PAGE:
I just finished reading My Struggle. Definitely one of my favorite books of the past decade. Or perhaps I should say, six of my favorite books of the past decade, since it’s a six-book series. I feel compelled to write about it, but I’m not quite sure where to start.

First: what is this book? It is sort of an autobiography. Usually, an autobiography is written by someone famous, someone who has some sort of past achievement, and you are reading the autobiography to learn about this achievement. Usually autobiographies are bad, because the author is not a very good writer, they are famous for some other sort of achievement. Knausgaard is a very good writer. And when he started writing this, he wasn’t famous for anything, or at least he wasn’t anywhere near as famous as he became for writing this sort-of-autobiography. He is now famous, but pretty much because this book is so good.

Back to the point of, it isn’t one book, it is six books. Altogether they are 3600 pages long. So it is very long either for a novel or for an autobiography. Sometimes I think of it as “the book” because it kind of works like one book. It constantly goes into far, far more detail than you would intuitively expect. It reminds me of Leeuwenhoek creating one of the earliest microscopes, turning this new tool on a boring drop of pond water, and revealing a world full of crazy little monsters.

Knausgaard captures the mentality and environment from his past, dives into the details, and exposes the most embarassing, most real details. In a normal autobiographical novel, these details would be hidden away. But exposing them is precisely what Knausgaard is after. Hating and fearing his father while growing up, the disgust he feels when his grandmother gets old, the stupid things he did while chasing after girls when he was younger, having trouble masturbating, cheating on his girlfriends and wives, being cheated on himself, being depressed, his family members being alcoholics, being frustrated when his wife was depressed, being attracted to underage girls, mistreating his children, just all sorts of things that it’s hard to believe a normal person would just tell you about himself. And yet at the same time it doesn’t come off like he’s a bad person, at all. He seems very understandable and relatable. It isn’t really a high percentage of bad behavior - it’s more like every couple hundred pages you’re surprised he would admit to something.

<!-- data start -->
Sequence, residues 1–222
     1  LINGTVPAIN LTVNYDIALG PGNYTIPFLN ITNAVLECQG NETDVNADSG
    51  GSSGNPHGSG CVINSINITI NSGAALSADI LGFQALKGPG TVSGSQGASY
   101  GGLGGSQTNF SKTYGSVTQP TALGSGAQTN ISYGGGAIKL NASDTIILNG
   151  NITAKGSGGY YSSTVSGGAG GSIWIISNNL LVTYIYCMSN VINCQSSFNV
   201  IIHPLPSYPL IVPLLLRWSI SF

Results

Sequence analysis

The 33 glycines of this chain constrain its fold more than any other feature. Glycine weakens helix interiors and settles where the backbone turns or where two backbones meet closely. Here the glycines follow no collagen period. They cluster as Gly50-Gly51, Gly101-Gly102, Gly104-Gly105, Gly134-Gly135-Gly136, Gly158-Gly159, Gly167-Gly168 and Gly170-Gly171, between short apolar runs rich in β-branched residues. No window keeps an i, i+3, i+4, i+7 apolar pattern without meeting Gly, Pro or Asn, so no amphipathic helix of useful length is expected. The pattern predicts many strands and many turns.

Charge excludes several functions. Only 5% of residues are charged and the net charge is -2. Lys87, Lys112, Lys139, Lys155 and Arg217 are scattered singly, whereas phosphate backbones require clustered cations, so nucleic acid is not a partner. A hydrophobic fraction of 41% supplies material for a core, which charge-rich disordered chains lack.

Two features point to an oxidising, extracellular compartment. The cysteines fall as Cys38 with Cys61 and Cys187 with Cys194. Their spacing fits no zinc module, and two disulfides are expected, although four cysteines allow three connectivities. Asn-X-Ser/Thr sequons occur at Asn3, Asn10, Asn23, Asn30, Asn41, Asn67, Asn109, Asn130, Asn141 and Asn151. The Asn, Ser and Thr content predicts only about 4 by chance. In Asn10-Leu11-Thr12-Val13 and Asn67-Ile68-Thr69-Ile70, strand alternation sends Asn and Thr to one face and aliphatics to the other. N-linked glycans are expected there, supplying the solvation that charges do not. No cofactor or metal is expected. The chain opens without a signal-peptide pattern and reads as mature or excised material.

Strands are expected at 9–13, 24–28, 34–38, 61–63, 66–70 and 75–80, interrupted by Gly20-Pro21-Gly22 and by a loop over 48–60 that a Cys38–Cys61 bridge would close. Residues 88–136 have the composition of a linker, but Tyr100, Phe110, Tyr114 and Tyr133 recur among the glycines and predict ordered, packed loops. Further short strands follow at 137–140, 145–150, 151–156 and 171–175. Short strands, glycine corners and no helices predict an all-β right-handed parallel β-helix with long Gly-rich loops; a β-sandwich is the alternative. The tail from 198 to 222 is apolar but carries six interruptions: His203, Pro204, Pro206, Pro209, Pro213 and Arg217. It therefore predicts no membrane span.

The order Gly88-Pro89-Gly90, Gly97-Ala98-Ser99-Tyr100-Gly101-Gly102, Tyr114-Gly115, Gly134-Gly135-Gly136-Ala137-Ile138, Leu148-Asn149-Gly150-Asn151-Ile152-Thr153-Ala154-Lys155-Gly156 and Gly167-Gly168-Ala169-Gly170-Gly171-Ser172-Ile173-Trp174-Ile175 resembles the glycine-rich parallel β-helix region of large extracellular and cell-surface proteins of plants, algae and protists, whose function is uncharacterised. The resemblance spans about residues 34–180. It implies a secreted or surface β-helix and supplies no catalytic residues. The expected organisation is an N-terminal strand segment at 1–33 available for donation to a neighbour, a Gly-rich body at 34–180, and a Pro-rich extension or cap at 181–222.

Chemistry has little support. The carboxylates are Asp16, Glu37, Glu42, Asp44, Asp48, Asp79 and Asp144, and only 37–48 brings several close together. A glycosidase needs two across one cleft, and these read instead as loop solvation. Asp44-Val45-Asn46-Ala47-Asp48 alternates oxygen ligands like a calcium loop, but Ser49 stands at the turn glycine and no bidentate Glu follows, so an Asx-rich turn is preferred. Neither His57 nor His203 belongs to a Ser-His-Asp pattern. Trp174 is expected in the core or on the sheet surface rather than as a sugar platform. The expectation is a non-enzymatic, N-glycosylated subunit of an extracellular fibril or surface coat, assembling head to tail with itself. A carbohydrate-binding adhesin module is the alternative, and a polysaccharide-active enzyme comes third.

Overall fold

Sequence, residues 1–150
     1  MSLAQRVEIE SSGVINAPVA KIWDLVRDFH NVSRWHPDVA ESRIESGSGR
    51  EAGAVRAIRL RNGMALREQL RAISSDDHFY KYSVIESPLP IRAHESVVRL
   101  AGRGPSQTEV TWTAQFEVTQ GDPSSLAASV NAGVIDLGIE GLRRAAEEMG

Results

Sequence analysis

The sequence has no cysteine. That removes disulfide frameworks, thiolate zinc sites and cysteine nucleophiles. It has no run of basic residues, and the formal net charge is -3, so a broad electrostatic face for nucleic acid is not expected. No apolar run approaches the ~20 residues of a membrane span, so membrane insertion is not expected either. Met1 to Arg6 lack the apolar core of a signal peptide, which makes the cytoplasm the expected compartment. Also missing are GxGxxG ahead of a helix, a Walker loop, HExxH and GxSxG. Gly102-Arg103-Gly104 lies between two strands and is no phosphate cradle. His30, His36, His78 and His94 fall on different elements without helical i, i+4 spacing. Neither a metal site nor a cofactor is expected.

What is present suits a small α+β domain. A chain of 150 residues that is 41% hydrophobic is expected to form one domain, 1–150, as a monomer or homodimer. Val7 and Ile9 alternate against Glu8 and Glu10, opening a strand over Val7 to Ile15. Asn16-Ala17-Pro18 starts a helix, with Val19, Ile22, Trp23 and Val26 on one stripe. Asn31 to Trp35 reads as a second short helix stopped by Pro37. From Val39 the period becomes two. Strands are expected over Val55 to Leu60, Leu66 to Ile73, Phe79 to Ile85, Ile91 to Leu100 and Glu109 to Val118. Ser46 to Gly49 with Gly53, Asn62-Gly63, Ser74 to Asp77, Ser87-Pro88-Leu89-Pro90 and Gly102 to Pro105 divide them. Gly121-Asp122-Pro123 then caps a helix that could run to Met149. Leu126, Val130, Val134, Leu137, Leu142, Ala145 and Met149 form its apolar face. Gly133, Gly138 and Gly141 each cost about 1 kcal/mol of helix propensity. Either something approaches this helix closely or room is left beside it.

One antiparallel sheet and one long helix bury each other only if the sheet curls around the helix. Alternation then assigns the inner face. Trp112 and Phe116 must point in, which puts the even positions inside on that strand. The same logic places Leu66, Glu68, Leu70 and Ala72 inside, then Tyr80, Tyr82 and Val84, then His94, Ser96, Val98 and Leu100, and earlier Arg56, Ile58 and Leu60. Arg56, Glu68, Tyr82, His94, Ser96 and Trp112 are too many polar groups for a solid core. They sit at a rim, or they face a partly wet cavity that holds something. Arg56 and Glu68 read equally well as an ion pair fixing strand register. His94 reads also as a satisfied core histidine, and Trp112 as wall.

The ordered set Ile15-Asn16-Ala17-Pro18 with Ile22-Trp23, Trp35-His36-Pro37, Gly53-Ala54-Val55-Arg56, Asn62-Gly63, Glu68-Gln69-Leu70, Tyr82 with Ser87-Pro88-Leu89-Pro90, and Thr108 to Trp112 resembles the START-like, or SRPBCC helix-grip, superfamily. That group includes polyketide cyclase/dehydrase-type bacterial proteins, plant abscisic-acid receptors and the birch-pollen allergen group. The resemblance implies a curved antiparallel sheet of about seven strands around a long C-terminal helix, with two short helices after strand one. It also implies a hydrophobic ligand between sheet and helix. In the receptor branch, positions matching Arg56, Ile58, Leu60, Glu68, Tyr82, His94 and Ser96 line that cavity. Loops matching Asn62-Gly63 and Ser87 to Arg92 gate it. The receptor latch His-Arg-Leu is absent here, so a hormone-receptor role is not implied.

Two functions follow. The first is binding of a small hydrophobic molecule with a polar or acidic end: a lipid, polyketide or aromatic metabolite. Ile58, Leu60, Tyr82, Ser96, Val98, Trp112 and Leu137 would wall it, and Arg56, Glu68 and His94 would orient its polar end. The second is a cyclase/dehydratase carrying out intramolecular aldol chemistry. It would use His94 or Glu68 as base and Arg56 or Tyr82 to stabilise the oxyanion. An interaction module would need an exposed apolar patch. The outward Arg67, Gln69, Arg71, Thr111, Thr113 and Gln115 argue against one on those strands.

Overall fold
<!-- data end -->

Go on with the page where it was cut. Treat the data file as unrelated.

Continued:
To me these weren’t the most interesting parts, either. They are the parts that prove, in a sense, how honest he’s being, and bring more authenticity to the other parts. When he writes about struggling with writer’s block, struggling to write a great novel while spending huge chunks of time dealing with mundane family and children issues, struggling in his relationships with his extended family which are at once critical to him and the source of so much pain, these struggles in one sense are boring because nothing really happens, and in another sense fascinating because he can describe in so many ways how exactly he is feeling and how what at first seems like nothing actually breaks down into dozens of little situations.

Each of the six books covers a different time in his life, not entirely chronologically. One discusses his early childhood, one discusses the time he spent married to his first wife, one discusses the time around writing his first novel, one discusses the time spent as a schoolteacher on an isolated island. I particularly enjoyed the last book, which covers the time spent writing these books themselves. After all the struggles to get past writers’ block, the idea for these books comes almost as a coincidence, and suddenly he finds himself writing easily, writing ten pages a day when earlier in his life he had trouble writing ten pages in a summer. After decades of work, he finds overnight success. He starts to get famous, the people in his life start to get angry that he wrote about them, and finally the book ends at the very moment it is being written, with the past catching up to the present.

One part I was fascinated by is his discussion of the Nazis. After his father dies, he finds a Nazi pin in his belongings. After his grandmother dies, he finds a copy of Mein Kampf in her belongings. And that’s it. He doesn’t know anything else about it. How does he come to terms with this? Is there something to come to terms with? The last book in the series reels off into a literary-theoretical direction a few times, detached from the main autobiographical thrust, like Knausgaard has something else to come to terms with, and this is one of them. It’s like he is asking without answers, what does it mean for an average person of the 1940’s in Norway to have flirted with Nazism? Like he can’t quite bear to connect it with his own family, even after so much personal exposure, and it’s all just a surge of thoughts and questions based on a couple pieces of inconclusive evidence anyways, but he can’t just let it drop without exposing at least his own questioning.

Who should read this? I don’t know. There’s a lot of book here to read. In the end, it is a story of a man struggling to combine his intellectual career ambitions with his identity as a member of his family. By the end of the book, it blends into reality. He succeeds intellectually, in the success of these books, and his family life recedes back out of the public eye.

I feel like I know Knausgaard so well after reading these books, we have almost become friends. If you have the ability to read 3600 consecutive pages on one topic, the topic of Knausgaard’s normal-ish life, I think you will enjoy these books.